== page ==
Sunday, August 06, 2006

Program Two -- Transacting Business Over the Internet in the Asia-Pacific Rim

The primary program of the Committee opened at 7 AM Sunday morning -- Amazingly to a nice-sized crowd.

In the picture to the left: Scott Bain, Christina Kunz, Sajai Singh, Shivpriva Nanda, Martin Hsia, Nick Abrahams and Judith Rinearson

The program was set up with a hypothetical involving a new media company, doing business in the United States, which is delivering electronic products via the Internet to customers. As it is expanding business, it is reaching more customers in the Asia-Pacific Rim area, and is now seeking legal advice on what new issues come up. (For ABA Business Section members, a full description of the hypothetical as well as the rest of the program materials can be found here.)

Each of the panelists had a moment to give an initial impression of the hypothetical and how it related to their expertise.

Scott Bain from the ABA initiated the discussion by reviewing the current state of electronic delivery in the music industry, stretching from the well-known responses to the "free" services to the current growth of the legitimate download industry.

Sajai Singh took a moment to discuss how India has taken early leads in setting up legal structures, but that it had some significant missing areas of law such as electronic payment systems.

Shivpriya Nanda addressed how the hypothetical implicates many younger people as likely customers, and how Indian law considers contracts with such persons as void as well as the Indian law's perspective on materials that is inappropriate for young persons (and the lovely problem arising from the fact that 'young person' for purposes of majority in contract law is a different age from 'young person' for purposes of age-inappropriate materials!).

Martin Hsia suggested that it is very important to seek local counsel in each of the countries we need to do business in -- Enforcement rules and procedures are very different, and presumptions are usually wrong if we presume things are like we know them in the USA.

Nick Abrahams addressed the issues by again reminding us of the lack of uniformity in the legal customs in each of the countries of the Asia-Pacific Rim area. He noted that even simple things like click-through agreements, enforceable in some countries, for example China, are not enforceable in other countries, for example Singapore. Venue clauses are also going to be problematic -- While we can rely on venue clauses for dispute resolution in the States, many of these countries under discussion will not enforce them, and will not enforce judgments obtained in the States. Nick posted some additional materials which we have posted on the CLC page at the ABA site -- Download them here.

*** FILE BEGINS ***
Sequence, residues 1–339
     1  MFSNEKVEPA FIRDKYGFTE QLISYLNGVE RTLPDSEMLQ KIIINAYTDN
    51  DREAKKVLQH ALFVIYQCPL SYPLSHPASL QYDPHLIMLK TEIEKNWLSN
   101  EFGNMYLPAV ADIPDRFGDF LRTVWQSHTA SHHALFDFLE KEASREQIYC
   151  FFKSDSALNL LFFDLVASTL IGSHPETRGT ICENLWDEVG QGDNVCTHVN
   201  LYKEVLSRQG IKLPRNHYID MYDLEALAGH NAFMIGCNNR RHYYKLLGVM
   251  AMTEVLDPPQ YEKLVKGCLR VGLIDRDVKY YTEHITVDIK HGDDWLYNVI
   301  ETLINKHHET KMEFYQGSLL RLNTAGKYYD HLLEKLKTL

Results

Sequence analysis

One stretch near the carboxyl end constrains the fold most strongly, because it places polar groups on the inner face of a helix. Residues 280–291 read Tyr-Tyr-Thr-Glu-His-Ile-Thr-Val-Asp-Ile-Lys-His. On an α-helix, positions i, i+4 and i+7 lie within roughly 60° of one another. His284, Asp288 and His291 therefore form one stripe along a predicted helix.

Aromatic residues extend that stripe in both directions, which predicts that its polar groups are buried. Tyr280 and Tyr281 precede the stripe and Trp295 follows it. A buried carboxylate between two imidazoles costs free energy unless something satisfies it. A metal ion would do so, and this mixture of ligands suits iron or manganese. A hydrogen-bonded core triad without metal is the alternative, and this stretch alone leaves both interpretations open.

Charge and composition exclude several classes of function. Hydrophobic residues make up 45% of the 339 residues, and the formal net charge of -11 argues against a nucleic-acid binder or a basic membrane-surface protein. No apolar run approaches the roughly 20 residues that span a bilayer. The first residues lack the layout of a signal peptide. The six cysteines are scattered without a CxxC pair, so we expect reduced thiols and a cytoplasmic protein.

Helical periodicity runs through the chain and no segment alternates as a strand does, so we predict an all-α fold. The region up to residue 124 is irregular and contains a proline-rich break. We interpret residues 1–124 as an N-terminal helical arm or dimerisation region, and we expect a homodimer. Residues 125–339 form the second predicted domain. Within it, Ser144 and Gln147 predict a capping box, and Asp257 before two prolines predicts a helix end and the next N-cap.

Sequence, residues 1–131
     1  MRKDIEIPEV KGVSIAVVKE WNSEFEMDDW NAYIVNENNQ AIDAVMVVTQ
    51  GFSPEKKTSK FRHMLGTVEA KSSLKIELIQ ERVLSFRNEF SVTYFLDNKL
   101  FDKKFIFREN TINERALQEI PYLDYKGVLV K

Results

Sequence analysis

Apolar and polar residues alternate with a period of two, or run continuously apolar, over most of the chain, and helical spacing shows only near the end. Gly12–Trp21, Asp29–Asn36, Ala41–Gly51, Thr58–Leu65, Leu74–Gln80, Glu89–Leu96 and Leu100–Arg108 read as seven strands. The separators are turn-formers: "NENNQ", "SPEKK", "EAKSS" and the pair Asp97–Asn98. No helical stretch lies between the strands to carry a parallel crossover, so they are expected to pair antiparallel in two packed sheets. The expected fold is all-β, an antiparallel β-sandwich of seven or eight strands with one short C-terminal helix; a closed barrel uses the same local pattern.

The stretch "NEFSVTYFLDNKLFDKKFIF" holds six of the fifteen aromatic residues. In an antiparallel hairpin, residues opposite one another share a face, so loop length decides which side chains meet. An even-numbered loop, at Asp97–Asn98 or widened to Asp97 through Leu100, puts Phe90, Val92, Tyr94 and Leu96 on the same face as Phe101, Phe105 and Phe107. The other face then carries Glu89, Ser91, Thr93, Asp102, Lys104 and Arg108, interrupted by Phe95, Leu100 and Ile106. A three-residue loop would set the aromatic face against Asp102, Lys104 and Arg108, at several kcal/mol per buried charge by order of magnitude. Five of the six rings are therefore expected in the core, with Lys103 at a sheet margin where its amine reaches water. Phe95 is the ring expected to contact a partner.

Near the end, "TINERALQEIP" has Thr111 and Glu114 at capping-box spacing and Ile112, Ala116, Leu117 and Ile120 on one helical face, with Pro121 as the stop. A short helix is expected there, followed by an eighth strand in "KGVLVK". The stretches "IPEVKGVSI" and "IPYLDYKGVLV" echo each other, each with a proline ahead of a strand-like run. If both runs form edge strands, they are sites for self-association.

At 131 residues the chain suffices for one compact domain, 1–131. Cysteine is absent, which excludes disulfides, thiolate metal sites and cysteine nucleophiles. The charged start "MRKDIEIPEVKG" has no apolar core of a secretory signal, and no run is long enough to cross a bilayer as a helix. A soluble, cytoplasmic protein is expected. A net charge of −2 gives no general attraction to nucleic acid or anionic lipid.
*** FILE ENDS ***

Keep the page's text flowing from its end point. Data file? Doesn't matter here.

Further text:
Judy Rinearson reviewed the payment system and how it adds a palpable risk when going overseas. While there are many risk mitigation tactics that we can use, the bottom line is that when we do this business overseas we must accept that there is some risk we cannot avoid.

The discussion went into free-flow at that time, and the value of this panel's broad experience became quickly obvious. One interesting question came from the audience, essentially suggesting that the picture is so bleak for a mid-sized businesses to figure this out that it should avoid the issues by simply licensing its content down to local companies in each of the countries and let them handle the issues. Nick pointed out that in China we more or less have no choice but to have a local party to do the business. Sajai noted that this is viable, but that there will still be a need to ensure that the local entity is doing its job because of the detailed differences in, for example, content control (anti-violent content rules) from country to country, so the local company will be reluctant to take on the job unless it has the right (and the capacity) to amend all content before it is willing to take on the risks of being the local distributor.

Scott mentioned that ABA is partnering with the Dept of Commerce to provide a lawyer referral service regarding enforcement of IP rights within China -- A free hour of consultation will be offered to US companies. The DOC's Web page has more information, and the ABA Section of International Law has the form one can use to get the referral.

Chris tried to get the panel to open up on thoughts on consumer privacy concerns. The eyebrows went up, and everybody more or less decided that it would be impossible to even scratch the surface in this forum. Again, local counsel is going to be important, because the rules are varying from country to country and subject to rapid change.

The panels discussed the issue of open-source software in non-US jurisdictions. Nick pointed out that some countries view the use of OS as a positive way to protect their own sovereignty (i.e., not letting a proprietary software supplier control the country's essential IT infrastructure). Nick and Sajai both noted that no matter what is thought by the suits in a company, the developers are using OS almost with abandon (in many cases because since there is no money changing hands the corporate control systems have no way to prevent the import of the OS code).

And the program continued for a bit more while my fingers grew too tired to keep up. This was a great program -- The ABA recorded the show, and we can certainly recommend a purchase of the CD audio if you want to learn more on this fascinating topic.

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